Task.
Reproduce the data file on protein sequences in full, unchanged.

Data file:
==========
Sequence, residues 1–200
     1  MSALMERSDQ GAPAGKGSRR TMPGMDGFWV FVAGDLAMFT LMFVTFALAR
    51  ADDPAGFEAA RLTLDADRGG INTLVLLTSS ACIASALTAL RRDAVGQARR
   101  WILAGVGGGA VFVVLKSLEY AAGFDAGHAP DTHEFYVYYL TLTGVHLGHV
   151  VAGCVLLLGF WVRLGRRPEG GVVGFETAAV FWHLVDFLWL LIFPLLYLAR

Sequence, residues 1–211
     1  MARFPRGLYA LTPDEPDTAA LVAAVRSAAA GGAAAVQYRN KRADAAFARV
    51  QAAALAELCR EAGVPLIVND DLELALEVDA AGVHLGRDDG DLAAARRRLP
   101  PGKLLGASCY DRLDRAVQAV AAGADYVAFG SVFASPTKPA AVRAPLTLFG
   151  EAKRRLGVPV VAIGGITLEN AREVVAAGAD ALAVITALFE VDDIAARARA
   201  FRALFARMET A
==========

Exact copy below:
Sequence, residues 1–200
     1  MSALMERSDQ GAPAGKGSRR TMPGMDGFWV FVAGDLAMFT LMFVTFALAR
    51  ADDPAGFEAA RLTLDADRGG INTLVLLTSS ACIASALTAL RRDAVGQARR
   101  WILAGVGGGA VFVVLKSLEY AAGFDAGHAP DTHEFYVYYL TLTGVHLGHV
   151  VAGCVLLLGF WVRLGRRPEG GVVGFETAAV FWHLVDFLWL LIFPLLYLAR

Sequence, residues 1–211
     1  MARFPRGLYA LTPDEPDTAA LVAAVRSAAA GGAAAVQYRN KRADAAFARV
    51  QAAALAELCR EAGVPLIVND DLELALEVDA AGVHLGRDDG DLAAARRRLP
   101  PGKLLGASCY DRLDRAVQAV AAGADYVAFG SVFASPTKPA AVRAPLTLFG
   151  EAKRRLGVPV VAIGGITLEN AREVVAAGAD ALAVITALFE VDDIAARARA
   201  FRALFARMET A